Thursday, February 18th, 2010

Coping with Exam Stress

stressed studentThis is pre-examination season, a time of heightened tension for the parents and of anxious moments for the children. It seems as though lives for parents and children are inside a gigantic pressure cooker with no respite in the near sight. Guardian Health Chronicle has a few tips on how to let off the steam………..

Exams can be stressful. For that matter anything that has a result attached to it, which can impact your life is stressful, say for instance–your performance appraisal, job interviews and even exams. Exams and more specifically the results associated with it are stressful because in Indian scenario exams decide a whole lot of things, which means the course of your career and the source of your livelihood. Preparing for exams is a year-long process. And the schools’ study pattern is designed in such a way that through constant evaluation and tests it prepares the children for the impending exams. Yet, as the exam approaches stress begins to build up.

Signs of stress

Stress can express itself in different ways, for different people before an exam. You might feel knots in your stomach or have the urge to visit the washroom all the time. This kind of anxiety is called anticipatory anxiety and results in adverse affects on the body and mind. Stress not only causes palpitations and tense muscles but also reduces the ability to make decisions, act or express oneself including organization of thoughts,” says Dr K.K Agarwal, senior consultant and dean Medical Education. Stress during exams can make it difficult to read and understand questions and even to recall terms and concepts.

A lot of stress that the student faces prior to exams stems from the fact that he feels he is overwhelmed by the amount of study-material he has to complete in the stipulated time.

  1. Evaluate your preparedness: a good way to do this is to run through the syllabus and jotting down the level of preparedness against each. There will be lessons that you’ve prepared for the test and you need to just do a quick revision, and there will be lessons that have to be studied from the scratch.
  2. Revise the lessons. Revisions sound boring, but you got to do it to learn the lesson. While revising it is difficult to plough through the mountain of notes all the time. Dr. Dawn Hamilton, the author of Passing Exams recommends that you chunk down your work by reducing pages of reading to a few sentences. Hamilton also suggests that you link key ideas in our head with a rhyme or acronym.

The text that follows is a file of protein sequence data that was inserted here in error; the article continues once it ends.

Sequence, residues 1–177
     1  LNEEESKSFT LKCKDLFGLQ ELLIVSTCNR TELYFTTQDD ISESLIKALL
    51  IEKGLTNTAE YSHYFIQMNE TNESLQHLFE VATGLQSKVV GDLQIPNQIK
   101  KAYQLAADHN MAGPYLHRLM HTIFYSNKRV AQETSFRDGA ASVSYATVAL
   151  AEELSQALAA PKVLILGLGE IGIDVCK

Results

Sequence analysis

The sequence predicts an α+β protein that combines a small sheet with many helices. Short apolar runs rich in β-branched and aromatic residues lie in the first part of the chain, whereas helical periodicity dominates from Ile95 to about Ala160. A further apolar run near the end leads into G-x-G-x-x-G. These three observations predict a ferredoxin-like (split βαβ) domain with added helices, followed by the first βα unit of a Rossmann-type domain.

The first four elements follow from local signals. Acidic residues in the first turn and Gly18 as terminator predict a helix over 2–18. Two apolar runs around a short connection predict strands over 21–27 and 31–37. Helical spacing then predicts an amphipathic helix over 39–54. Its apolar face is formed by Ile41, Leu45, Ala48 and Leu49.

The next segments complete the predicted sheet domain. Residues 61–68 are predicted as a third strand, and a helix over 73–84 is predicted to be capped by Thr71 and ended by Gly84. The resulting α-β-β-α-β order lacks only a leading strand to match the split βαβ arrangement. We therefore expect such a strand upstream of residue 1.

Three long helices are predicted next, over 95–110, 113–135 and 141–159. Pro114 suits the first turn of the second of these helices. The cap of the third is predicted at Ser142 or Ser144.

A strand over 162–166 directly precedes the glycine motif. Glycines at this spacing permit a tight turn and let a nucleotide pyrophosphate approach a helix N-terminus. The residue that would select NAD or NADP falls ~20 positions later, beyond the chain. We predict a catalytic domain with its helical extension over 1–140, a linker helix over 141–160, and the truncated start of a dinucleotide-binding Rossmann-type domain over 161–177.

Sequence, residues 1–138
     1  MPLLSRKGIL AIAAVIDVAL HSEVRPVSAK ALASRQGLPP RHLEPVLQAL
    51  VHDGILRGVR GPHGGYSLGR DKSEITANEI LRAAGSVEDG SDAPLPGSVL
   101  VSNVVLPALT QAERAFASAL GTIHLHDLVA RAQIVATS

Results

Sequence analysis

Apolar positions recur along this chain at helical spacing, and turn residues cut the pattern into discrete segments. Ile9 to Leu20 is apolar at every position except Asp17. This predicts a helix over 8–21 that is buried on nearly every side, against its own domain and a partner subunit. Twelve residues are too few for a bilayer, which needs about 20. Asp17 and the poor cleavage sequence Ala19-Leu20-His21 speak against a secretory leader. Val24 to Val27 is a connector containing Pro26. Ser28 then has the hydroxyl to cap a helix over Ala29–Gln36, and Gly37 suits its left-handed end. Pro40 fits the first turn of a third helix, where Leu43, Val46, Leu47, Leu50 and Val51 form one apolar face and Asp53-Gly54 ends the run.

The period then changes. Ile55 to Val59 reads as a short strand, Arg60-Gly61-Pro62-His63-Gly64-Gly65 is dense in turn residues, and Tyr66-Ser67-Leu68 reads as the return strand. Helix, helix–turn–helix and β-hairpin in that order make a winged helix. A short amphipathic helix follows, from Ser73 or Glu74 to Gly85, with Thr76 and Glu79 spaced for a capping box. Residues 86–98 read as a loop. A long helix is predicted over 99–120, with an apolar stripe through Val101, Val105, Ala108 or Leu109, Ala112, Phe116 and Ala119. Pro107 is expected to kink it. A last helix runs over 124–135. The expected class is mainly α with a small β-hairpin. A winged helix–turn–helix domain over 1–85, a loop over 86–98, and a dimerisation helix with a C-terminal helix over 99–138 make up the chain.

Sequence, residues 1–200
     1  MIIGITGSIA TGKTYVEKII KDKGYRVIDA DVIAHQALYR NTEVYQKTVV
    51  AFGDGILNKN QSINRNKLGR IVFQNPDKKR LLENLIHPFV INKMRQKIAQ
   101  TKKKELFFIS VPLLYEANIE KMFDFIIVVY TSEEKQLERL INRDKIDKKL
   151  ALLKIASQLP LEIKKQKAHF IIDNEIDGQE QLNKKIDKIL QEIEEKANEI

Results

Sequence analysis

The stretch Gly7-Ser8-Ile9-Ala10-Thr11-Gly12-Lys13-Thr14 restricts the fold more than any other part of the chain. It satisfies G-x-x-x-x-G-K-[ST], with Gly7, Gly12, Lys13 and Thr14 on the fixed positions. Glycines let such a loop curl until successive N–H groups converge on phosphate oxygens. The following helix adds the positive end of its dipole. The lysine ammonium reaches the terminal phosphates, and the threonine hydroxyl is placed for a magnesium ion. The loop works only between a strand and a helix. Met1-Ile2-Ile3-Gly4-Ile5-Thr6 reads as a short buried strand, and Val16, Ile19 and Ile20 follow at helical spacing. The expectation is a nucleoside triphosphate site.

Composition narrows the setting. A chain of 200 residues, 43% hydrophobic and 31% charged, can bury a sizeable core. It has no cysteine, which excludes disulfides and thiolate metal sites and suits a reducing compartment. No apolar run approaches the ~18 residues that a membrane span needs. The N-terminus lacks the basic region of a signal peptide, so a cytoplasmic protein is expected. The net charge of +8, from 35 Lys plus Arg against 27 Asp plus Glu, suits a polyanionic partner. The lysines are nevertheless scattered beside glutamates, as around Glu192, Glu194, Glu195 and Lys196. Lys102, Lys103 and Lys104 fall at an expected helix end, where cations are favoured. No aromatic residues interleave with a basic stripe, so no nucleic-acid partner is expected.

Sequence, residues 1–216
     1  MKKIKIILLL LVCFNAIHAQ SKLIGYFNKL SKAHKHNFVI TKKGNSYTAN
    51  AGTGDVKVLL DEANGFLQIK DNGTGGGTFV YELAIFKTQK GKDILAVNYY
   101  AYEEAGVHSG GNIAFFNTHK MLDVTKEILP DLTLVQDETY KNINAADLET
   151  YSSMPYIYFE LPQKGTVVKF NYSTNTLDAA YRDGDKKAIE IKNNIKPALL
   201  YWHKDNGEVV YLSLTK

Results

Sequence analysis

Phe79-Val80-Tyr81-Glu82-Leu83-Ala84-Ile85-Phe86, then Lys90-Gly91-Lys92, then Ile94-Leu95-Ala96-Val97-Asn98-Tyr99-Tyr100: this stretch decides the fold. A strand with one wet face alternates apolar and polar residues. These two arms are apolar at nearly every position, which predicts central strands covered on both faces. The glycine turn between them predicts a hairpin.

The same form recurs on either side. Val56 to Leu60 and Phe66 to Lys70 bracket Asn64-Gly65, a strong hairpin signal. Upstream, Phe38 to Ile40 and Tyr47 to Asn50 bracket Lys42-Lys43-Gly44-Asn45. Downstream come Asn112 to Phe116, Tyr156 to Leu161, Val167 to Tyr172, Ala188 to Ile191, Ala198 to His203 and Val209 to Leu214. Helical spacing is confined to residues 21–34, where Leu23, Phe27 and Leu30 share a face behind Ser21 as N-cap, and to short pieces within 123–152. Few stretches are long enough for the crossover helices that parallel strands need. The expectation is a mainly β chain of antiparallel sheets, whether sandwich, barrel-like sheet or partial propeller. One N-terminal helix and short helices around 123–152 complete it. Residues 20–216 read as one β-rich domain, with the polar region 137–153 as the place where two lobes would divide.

3. Use mind maps. These are easy and quick to do, and a very effective way of revising any topics. Be as creative as possible when developing the map. Use colours, symbols, pictures, shapes etc. which will help you visualise and remember.
  4. Get involved in group discussions. There will be lessons on which you’ll have ambiguities. It’s a good idea to brain storm the particular chapter with your friends to clarify your concepts. You could also seek help of your teacher in this.
  5. Take tests. Do model test papers, once you’ve studied the lesson. This will tell you where you stand.

Smart eating tips

Many students refrain from eating or begin living on junk food before exams. Both these approaches are not right. Before exams, you’re learning and assimilating a whole lot of information in a short span of time. Naturally, your brain is functioning on overdrive. Doesn’t it make sense that you should support your brain with healthy foods? What your brain needs is constant supply of energy so that it can function properly. How to ensure it?

  • Eat breakfast within half an hour of waking up. Your breakfast should include complex carbohydrates and a generous dose of protein. Speaking simply you should eat wholegrain bread sandwich rustled up with peanut butter or boiled egg. Eat daliya with milk, poha with vegetables followed by a bowl of yoghurt.
  • Eat every two hours. You could snack on shelled peanuts, fruits like banana, apple, orange or guava, a scrambled egg, carrot slices sprinkled with lemon juice or a glass of milk.
  • Cut down on caffeine. While caffeine can give you an immediate energy boost, its effects are short-lived. Overdo it and you’ll feel—jittery, restless, irritable, and unable to relax. Limit your caffeine intake to 2 small cups of coffee per day and try lower-caffeine beverages like green or herbal tea or decaf coffee.
  • Hydrate yourself. Not drinking enough fluids can leave you with a headache. Keep a bottle of water close by your desk.
  • Take supplements. When you’re coping with stress, your body can use some help from supplements. Stress tends to deplete our vitamin C levels. Take vitamin C supplement along with a good quality multivitamin to stay on the top of your health.

Still, stress can overwhelm you before exams. Talk to your parents, because stress is too much of a burden to carry it all alone. A recent study has shown that 45 minutes of afternoon nap improves the declarative memory. Declarative memory is the memory of events learnt and understood earlier during the year. Bust stress by doing free writing. Jotting down your innermost thoughts and feelings can significantly boost mental and physical health. In expressive writing therapy, students are encouraged to express whatever is on their mind, letting their hopes and fears flow out in a natural, unrestrained way. It’s akin to keeping a journal, but more focused on the things that might be bothering you or triggering stress.

With these tips in place you’ll be able to deflate stress, learn well and will get good grades in the exams. ALL THE BEST…..

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Category: Exam Stress
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